In October 1939, Smith & Wesson discontinued the practice of building each .357 Magnum to order and registering each revolver. Instead, barrel lengths of 3½, 5, 6, 6½, and 83⁄8 inches were standardized based on the popularity of those calibers among those who had ordered Registered Magnums. For an extra dollar, a special barrel length could still be ordered. Among collectors, these revolvers are known as “Pre-War Non-Registered Magnums.” According to Smith & Wesson records, a total of 5,224 Registered Magnums were sold, and 1,418 Non-registered Magnums were sold prior to stopping production so Smith & Wesson could concentrate on military contracts for World War II.
The Registered Magnum did go off to war, though. Individual officers carried their personally owned Registered Magnums. Most famous was Gen. George Patton, who carried his 3½-inch Registered Magnum as his “killing gun.” When he wore two guns, it was normally carried on the left side, while his Colt Single Action Army in .45 Colt was carried on his right side.
Some other American heroes of the silver screen were owners of Registered Magnums. Friends and hunting/shooting buddies Clark Gable, Jimmy Stewart, and Gary Cooper each owned a Registered Magnum. Gary Cooper’s, which has the scarce 4½-inch barrel, recently sold at auction for $50,000 plus a $7,500 buyer’s premium!
The .357 Magnum came back after World War II; production began again in 1949. The same five barrel lengths that had been offered on the Pre-War Non-Registered Magnum were continued. When Smith & Wesson assigned model numbers in 1957, the descendant of the Registered Magnum would become the Model 27.
Today, the Registered Magnum is one of the most sought-after and collectible Smith & Wessons. Its special features and quality evoke the time between the two World Wars when a high-quality Smith & Wesson double-action revolver was considered a faithful companion. Smith & Wesson offered the Registered Magnum as its elite revolver. As with classic cars, nostalgia has only enhanced that elite status.
Shooting The Registered Magnum
I decided this article wouldn’t be complete unless I took one of my Registered Magnums to the range. I chose a 4-inch example with bluing wear that precludes it from being a “safe queen.” I have a Smith & Wesson factory letter on this revolver with Registration number 144, so I know that it was shipped on June 17, 1935 to an inspector in the U.S. Border Patrol. Its registration number would seem to indicate that the original customer saw the announcement of the Registered Magnum early and put in his order. The letter also states that he got the law enforcement price of $48.00, a 20% discount.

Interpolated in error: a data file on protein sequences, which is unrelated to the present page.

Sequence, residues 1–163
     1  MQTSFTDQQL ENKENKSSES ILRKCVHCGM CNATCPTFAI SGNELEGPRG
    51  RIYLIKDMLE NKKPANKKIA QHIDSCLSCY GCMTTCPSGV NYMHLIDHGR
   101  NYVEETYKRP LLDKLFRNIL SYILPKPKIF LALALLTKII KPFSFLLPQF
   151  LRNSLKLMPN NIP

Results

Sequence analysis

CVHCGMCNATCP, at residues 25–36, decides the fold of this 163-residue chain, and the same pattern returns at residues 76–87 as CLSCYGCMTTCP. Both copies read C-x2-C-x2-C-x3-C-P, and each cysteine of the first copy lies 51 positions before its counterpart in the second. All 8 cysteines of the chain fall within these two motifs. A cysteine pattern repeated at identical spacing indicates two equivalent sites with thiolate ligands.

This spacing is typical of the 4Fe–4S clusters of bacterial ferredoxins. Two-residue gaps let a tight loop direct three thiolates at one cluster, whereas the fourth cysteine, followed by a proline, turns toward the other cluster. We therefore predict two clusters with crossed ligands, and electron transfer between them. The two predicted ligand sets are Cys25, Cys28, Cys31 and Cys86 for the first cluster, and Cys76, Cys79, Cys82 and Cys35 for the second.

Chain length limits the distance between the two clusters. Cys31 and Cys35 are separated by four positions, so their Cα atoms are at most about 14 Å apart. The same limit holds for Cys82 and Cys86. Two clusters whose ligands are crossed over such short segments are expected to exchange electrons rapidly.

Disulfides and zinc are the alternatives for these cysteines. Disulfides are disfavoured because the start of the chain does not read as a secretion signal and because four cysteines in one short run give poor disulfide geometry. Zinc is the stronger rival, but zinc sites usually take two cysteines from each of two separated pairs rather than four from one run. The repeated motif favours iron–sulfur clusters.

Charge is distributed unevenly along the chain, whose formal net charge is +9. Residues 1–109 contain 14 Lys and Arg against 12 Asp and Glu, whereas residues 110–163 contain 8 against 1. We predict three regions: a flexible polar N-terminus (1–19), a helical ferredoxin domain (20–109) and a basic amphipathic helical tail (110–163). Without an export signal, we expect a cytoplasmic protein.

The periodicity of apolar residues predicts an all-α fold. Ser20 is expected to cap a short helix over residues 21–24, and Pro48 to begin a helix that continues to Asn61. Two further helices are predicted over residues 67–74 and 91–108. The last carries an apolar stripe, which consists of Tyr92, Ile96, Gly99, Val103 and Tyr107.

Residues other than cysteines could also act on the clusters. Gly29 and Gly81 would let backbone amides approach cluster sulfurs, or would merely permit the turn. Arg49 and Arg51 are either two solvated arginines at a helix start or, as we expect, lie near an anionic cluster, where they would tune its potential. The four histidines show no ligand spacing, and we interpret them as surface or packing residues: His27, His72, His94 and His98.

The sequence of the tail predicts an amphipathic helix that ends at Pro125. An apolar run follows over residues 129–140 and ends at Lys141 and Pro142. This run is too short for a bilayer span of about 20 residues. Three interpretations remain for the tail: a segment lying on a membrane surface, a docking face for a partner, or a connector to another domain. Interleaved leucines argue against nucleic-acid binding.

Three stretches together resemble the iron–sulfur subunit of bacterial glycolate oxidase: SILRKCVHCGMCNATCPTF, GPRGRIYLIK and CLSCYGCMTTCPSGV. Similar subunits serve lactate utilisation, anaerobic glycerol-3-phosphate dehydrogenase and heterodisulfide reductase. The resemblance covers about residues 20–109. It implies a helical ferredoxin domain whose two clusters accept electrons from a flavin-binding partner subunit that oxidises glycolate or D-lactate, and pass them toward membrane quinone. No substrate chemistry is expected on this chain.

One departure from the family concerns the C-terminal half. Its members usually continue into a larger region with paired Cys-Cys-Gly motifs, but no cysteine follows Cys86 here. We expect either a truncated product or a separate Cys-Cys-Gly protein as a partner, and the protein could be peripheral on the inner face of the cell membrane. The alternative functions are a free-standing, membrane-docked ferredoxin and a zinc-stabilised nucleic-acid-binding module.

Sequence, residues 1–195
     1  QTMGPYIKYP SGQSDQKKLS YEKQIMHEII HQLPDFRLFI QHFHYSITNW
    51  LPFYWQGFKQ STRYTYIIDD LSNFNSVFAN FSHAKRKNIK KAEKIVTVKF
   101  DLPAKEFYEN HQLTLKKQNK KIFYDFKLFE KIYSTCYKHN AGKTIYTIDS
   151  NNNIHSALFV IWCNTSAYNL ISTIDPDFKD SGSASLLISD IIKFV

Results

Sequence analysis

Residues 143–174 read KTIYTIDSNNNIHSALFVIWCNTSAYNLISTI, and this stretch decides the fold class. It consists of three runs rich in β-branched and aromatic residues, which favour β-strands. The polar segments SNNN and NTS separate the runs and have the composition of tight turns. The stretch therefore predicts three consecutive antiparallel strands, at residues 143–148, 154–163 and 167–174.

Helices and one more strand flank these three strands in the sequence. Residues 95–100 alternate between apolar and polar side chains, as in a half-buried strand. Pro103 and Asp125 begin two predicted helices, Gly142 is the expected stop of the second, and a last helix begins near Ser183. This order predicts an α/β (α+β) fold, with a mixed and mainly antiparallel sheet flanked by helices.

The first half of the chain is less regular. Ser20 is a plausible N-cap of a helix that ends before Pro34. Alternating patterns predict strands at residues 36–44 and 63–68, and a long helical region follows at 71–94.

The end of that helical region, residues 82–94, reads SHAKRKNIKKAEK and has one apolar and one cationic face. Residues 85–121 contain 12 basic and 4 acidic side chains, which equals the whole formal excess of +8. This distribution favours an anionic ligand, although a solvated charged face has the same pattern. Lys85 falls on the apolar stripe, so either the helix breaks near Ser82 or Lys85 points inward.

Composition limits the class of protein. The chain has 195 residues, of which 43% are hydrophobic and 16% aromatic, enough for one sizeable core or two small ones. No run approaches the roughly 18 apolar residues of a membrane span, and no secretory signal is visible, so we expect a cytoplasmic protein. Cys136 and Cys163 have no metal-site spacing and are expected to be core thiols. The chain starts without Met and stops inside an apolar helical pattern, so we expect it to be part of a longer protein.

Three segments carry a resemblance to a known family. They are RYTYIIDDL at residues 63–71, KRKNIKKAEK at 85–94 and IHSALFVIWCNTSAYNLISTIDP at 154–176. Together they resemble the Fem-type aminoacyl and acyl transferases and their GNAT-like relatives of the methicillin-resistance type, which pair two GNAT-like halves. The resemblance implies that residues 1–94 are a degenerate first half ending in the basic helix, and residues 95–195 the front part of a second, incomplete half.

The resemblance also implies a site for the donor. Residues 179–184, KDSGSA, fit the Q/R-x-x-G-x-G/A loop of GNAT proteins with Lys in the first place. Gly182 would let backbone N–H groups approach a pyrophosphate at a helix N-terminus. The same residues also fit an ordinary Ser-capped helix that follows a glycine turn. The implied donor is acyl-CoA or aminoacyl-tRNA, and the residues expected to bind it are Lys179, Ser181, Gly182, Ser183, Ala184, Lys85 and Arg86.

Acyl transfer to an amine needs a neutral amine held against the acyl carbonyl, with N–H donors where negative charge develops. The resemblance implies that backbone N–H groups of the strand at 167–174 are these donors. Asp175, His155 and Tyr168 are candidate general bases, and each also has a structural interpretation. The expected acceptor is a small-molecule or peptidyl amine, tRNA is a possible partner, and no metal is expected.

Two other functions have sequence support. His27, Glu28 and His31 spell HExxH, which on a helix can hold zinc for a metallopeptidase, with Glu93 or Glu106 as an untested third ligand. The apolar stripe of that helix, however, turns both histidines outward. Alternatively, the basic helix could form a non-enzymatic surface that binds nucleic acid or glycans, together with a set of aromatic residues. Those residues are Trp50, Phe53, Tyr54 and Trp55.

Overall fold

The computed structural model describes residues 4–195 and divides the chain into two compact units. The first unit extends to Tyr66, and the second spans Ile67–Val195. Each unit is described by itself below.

First, to test the revolver’s accuracy, I fired it two-handedly at 25 yards on a bullseye target. The single-action trigger pull was among the smoothest I’ve ever used. I remembered this as one of the reasons I shoot this Registered Magnum more than any of the others I own. My 5-shot, 25-yard group fired two-handedly was 2.5 inches using Black Hills 158-grain semi-wadcutters. I also did some shooting with Black Hills 158-grian JHP. Neither load matched the velocity of the original .357 Magnum loads, but at least the bullet weight was correct.
Especially since my revolver had gone to a Border Patrol inspector, I wanted to shoot it one-handedly, double-action, using the crouching combat stance taught by the FBI and other agencies during the “gangster era.” Oddly enough, I had originally learned this technique as the French Sasia method, but Sasia had adopted it from the FBI. Firing from a crouch, double action, but using the sights, at seven yards, I put all six rounds into the red center-of-mass oval on a law-enforcement training target. The double action was very smooth on my Registered Magnum. I should note for those looking at the photos with this article that my crouch is not as low as it was when I first learned the technique 40+ years ago!
I finished up by firing off-handedly, using one hand, to shoot plates at 50 yards. Although I still practice one-handed drills occasionally, it had been awhile since I shot one-handedly at that distance, but I was running about 50% hits after a couple of cylinders full.
Over 82 years after it left the factory, the Registered Magnum is still a fine revolver. As the price of Smith & Wesson Registered Magnums goes up, fewer will probably get taken to range. But enough of them were used by peace officers or outdoorsman that they show honest wear. Taking them to the range occasionally won’t hurt their monetary value and will enhance their personal appeal.